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This category contains the following articles
Süden - The Villa Romana at the Deutsche Bank KunstHalle
It’s Only a Step from a Miracle to a Disaster - Visiting the 55th Biennale di Venezia
Pictures of the End of the American Dream - Philip-Lorca diCorcia in the Schirn Kunsthalle
Enchanted Geography - Sarnath Banerjee: Forays through Berlin
The Subversive Potential of Hermès Scarves - Shirin Aliabadi discloses the desires of young Iranian women
MACHT KUNST - The Prize-Winners: Keep painting - Lovro Artukovic
MACHT KUNST - The Prize-Winners: Gray Zones - Radoslava Markova´s Emotional Landscapes
Theaster Gates: Inner City Blues
Violence and Creation: Imran Qureshi in the Deutsche Bank KunstHalle


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MACHT KUNST – The Prize-Winners:
Keep painting: Lovro Artuković

MACHT KUNST – In the course of this action in April, all Berlin-based artists were invited to present one of their works for a single day in the Deutsche Bank KunstHalle. More than 2,000 artists participated and 8 of them received prizes. In a major series, we will now be introducing you to the MACHT KUNST prize-winners and their works. We are starting with popular favourite Lovro Artuković, who is one of the best-known painters in his home country, Croatia. Achim Drucks visited him in his studio.

The two paintings showing the false twin sisters lean alongside one another, against the studio wall. One of the pictures shimmers in a variety of white tones. The other shows the same motif in subdued shades of  grey. The sisters in the painting are fake, Lovro Artuković explains, because he always used the same model for the young women and simply doubled her image. The bright, day version of the motif was produced in 2009 and he painted the night-version this year. There is even a third variation in existence, which he created in 2007: there, he projected the astral constellation Gemini onto the doubled woman. The image of twins exists in three aggregate states, therefore: the version with the constellation, in shades of only blue, appears symbolically charged, the day-image more objective and sober, and the night scene rather mysterious.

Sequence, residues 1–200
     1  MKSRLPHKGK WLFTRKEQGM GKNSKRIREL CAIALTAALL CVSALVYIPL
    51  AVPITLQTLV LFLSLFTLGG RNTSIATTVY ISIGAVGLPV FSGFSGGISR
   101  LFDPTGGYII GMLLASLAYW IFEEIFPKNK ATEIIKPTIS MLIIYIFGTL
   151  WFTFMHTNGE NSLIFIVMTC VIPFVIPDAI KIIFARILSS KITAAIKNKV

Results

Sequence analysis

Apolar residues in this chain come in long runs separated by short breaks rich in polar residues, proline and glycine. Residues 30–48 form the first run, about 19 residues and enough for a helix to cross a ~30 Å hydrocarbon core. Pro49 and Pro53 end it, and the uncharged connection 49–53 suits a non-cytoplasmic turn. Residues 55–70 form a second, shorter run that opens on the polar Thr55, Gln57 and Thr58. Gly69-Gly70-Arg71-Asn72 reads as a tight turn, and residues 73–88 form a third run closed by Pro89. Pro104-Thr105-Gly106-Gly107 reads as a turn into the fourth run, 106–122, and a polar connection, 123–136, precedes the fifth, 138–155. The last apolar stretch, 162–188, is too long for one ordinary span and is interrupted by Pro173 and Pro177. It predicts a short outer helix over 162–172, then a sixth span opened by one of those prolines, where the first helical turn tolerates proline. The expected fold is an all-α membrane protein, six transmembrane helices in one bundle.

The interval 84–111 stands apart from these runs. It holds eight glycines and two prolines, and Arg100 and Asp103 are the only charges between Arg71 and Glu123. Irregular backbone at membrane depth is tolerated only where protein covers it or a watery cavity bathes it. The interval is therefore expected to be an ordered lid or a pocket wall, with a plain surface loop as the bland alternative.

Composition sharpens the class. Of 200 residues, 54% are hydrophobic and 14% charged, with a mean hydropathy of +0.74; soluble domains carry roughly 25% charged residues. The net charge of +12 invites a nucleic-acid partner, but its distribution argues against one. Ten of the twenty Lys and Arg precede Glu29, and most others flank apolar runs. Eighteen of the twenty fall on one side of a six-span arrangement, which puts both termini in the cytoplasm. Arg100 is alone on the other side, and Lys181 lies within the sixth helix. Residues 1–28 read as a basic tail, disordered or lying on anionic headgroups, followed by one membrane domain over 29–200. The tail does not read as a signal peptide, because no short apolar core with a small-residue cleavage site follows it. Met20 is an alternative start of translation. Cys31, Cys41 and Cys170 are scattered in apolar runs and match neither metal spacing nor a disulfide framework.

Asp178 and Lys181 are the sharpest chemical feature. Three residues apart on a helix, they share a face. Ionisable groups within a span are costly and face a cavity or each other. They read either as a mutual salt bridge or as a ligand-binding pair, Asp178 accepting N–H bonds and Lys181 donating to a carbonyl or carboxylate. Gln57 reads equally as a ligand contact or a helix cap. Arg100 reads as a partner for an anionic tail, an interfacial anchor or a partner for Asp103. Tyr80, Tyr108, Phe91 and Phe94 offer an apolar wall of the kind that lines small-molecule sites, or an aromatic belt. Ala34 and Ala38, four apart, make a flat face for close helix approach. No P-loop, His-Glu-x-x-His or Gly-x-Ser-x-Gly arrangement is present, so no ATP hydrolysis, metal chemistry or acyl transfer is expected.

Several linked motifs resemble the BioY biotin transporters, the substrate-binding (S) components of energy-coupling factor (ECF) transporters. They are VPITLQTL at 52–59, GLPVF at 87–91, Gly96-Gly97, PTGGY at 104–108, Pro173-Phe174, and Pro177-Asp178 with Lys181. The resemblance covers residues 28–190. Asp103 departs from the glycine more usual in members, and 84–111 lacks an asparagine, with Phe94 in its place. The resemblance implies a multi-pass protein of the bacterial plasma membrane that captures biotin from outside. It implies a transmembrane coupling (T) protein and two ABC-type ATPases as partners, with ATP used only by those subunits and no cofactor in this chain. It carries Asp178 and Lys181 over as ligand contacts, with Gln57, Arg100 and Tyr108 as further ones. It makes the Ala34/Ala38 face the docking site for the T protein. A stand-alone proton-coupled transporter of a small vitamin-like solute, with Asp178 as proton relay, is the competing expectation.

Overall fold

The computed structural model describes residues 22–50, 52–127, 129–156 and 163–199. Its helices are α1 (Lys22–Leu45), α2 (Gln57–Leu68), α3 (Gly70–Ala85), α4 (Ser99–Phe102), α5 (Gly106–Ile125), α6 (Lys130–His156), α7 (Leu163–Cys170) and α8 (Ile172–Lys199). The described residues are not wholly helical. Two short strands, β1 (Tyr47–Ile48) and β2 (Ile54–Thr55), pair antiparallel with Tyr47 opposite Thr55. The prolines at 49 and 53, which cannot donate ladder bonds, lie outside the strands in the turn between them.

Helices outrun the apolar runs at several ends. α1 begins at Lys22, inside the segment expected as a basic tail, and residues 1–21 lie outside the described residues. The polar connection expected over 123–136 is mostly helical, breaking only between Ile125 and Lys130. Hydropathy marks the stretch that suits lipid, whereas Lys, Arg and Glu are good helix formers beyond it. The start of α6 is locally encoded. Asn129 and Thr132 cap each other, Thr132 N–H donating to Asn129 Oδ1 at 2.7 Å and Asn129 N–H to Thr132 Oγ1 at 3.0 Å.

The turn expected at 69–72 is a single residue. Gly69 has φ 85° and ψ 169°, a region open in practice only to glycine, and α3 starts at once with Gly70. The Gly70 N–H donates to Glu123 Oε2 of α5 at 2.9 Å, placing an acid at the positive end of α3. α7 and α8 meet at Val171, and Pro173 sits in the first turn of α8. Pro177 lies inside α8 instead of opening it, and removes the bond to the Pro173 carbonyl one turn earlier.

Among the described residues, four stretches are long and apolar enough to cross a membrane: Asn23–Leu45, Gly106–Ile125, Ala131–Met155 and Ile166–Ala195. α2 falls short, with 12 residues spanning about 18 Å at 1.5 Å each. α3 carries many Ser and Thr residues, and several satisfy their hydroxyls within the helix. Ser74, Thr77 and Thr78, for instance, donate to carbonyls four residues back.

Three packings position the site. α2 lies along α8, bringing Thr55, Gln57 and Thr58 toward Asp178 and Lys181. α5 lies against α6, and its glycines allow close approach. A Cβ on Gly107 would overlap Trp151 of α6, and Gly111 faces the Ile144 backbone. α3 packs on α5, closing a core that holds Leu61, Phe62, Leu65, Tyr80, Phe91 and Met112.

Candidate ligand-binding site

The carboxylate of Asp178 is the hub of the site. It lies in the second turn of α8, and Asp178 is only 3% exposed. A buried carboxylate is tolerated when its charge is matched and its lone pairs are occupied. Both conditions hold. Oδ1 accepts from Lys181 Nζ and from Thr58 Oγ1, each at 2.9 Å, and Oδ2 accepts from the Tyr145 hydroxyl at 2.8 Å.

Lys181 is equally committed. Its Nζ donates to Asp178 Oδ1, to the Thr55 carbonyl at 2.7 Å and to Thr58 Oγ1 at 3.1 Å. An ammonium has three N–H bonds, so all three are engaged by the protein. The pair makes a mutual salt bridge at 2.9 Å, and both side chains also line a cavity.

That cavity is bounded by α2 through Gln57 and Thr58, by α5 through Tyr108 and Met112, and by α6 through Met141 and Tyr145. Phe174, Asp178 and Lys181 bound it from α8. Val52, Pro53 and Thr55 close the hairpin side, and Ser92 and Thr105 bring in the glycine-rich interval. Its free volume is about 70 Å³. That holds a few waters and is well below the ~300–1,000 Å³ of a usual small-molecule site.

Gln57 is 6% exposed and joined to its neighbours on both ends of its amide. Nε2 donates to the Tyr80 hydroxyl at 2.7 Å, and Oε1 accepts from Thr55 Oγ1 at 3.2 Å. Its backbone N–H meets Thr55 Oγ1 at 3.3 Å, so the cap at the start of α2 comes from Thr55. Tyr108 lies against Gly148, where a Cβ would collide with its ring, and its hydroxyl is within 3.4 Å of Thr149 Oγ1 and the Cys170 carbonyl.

It was by sheer chance that the artist submitted the dark False Twin Sisters at Night to MACHT KUNST. In April almost his entire oeuvre was hanging in an exhibition in Artuković’s home country, Croatia. In the studio, apart from the twin sisters, there was only one portrait and a painting of Marsyas. He did not believe that the depiction of a satyr being skinned by Apollo was particularly suitable for the 24-hour exhibition in the Deutsche Bank KunstHalle. And so he questioned all the visitors to his studio  – the portrait or the twin sisters? The twin sisters won, and went on to convince the public in the KunstHalle: by a clear winning margin, the visitors to the first MACHT KUNST exhibition selected this painting as their favorite. And so Artuković was awarded a one-year studio grant, endowed with 500 Euros per month.